But that isn't really my point here. My point is that the decision was crap for various reasons and doesn't satisfy either side. The starting point being the Simple Justice blog piece I mentioned in an earlier post. Here is another post. And this one from Lew Rockwell is a real doozy!
Here is another post which reiterates the Simple Justice comment. I have seen other blogs where the posters have realised that Scalia hasn't said all firearms regulations are suspect.
The best post is this one from Slate. The writer points out that if someone replaces Justices Thomas, Scalia, Roberts, Alito, or Kennedy (Thomas specifically), they could decide that Stevens's dissent made better legal sense.
Stevens ends his dissent with the following two paragraphs:
I do not know whether today’s decision will increase the labor of federal judges to the “breaking point” envisioned by Justice Cardozo (in Mitchell v. W. T. Grant Co., 416 U. S. 600, 636 (1974)), but it will surely give rise to a far more active judicial role in making vitally important national policy decisions than was envisioned at any time in the 18th, 19th, or 20th centuries.
The Court properly disclaims any interest in evaluating the wisdom of the specific policy choice challenged in this case, but it fails to pay heed to a far more important policy choice—the choice made by the Framers themselves. The Court would have us believe that over 200 years ago, the Framers made a choice to limit the tools available to elected officials wishing to regulate civilian uses of weapons, and to authorize this Court to use the common-law process of case-by-case judicial lawmaking to define the contours of acceptable gun control policy. Absent compelling evidence that is nowhere to be found in the Court’sopinion, I could not possibly conclude that the Framers made such a choice.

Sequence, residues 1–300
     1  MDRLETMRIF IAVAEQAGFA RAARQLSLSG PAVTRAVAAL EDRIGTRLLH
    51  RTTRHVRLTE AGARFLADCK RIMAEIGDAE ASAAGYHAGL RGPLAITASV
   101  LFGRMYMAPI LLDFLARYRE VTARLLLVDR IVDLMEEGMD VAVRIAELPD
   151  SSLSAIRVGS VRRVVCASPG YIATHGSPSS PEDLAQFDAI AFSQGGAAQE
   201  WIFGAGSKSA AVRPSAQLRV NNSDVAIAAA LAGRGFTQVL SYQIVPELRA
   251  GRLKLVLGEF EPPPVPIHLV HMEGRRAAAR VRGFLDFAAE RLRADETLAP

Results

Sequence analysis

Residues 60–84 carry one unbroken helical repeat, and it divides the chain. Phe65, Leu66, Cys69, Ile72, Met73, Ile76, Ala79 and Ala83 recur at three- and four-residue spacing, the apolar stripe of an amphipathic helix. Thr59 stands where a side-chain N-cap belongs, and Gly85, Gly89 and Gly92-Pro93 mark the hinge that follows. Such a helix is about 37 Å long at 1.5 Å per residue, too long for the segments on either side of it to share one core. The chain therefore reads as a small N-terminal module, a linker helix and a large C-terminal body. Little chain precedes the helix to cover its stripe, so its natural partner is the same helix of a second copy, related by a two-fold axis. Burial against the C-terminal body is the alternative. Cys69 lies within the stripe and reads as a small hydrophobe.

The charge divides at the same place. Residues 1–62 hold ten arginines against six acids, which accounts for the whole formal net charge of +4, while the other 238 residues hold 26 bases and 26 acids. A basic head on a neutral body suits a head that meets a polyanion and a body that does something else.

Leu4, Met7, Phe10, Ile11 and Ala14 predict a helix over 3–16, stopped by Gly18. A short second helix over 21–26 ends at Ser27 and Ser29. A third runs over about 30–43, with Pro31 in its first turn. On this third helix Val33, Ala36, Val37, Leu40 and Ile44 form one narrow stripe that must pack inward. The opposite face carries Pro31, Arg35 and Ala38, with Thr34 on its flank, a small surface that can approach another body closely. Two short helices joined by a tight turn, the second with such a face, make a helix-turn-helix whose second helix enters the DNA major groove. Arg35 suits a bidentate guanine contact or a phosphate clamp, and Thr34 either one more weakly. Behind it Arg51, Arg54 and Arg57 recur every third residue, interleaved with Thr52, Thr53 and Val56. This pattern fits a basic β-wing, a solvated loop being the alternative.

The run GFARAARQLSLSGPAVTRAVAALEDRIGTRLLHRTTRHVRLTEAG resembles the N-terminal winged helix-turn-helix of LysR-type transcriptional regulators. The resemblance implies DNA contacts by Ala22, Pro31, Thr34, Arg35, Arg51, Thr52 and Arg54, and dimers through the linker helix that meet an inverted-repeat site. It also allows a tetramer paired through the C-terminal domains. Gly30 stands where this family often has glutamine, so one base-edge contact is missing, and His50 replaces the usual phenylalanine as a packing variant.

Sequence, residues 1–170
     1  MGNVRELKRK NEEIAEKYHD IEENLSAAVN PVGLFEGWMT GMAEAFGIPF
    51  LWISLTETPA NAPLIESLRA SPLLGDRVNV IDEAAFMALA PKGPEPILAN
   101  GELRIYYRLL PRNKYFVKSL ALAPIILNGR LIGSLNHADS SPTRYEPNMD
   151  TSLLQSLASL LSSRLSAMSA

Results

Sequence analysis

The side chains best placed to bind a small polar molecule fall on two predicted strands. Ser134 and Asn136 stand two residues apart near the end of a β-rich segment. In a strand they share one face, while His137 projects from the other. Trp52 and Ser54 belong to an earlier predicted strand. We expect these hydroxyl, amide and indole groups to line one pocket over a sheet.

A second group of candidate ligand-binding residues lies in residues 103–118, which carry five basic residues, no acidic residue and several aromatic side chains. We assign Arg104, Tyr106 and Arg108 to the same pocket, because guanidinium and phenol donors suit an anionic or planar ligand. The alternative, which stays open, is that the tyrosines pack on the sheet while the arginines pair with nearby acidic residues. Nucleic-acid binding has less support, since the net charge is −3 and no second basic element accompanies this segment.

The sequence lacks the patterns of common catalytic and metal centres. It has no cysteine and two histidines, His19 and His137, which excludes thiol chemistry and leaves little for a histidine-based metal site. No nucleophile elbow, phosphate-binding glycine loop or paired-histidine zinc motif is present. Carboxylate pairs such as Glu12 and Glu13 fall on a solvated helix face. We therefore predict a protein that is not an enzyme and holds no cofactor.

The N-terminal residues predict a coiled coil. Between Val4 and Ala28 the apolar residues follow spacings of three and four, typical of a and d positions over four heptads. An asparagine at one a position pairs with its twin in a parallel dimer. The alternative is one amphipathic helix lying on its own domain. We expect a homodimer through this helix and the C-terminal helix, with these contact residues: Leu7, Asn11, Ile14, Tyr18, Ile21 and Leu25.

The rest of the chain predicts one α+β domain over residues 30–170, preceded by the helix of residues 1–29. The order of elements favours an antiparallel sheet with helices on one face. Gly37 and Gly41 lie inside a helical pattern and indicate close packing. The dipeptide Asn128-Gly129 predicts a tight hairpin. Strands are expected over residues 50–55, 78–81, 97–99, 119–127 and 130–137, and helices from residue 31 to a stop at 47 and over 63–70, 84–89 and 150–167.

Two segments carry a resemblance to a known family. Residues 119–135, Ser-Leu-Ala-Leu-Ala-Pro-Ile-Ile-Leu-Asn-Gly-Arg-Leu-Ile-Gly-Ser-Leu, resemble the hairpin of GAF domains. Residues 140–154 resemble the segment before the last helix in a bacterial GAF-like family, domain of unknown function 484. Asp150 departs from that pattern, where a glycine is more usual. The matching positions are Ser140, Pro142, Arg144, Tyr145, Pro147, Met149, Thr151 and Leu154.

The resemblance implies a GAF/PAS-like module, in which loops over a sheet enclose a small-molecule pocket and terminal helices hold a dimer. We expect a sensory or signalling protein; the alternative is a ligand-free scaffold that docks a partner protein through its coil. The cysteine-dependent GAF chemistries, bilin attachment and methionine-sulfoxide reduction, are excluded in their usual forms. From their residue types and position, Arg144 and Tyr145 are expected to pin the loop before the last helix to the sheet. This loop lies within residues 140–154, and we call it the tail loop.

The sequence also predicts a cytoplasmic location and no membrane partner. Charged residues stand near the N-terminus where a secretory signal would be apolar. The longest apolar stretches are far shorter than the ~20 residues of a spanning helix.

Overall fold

Another thing I said in an earlier post was that if the court didn't want to burden the Second Amendment with baggage, and by further implication the Constitution: the should have used stare decisis and produced J. Stevens dissent as the unanimous opinion of the court. But no, they had to come up with some political puffery.
Stevens points out that the position he advocates does not affect civilian firearms ownership, other than to take it from being a right.
On the other hand, while stating there is some sort of right, Scalia's position doesn't define this right. A conclusion that the Second Amendment protects an individual right does not tell us anything about the scope of that right. In fact, it is the best gift for the "gun grabbers" as there is no way that a law can ban the lawful ownership of firearms by law abiding citizens from what little Scalia says. When people realise that was the meaning of all of Scalia's blather, then the Heller decision is decidedly firing blanks.
Or as one commentator I mention above says "Second Amendment Sharpshooter Scalia Shoots Self In Foot".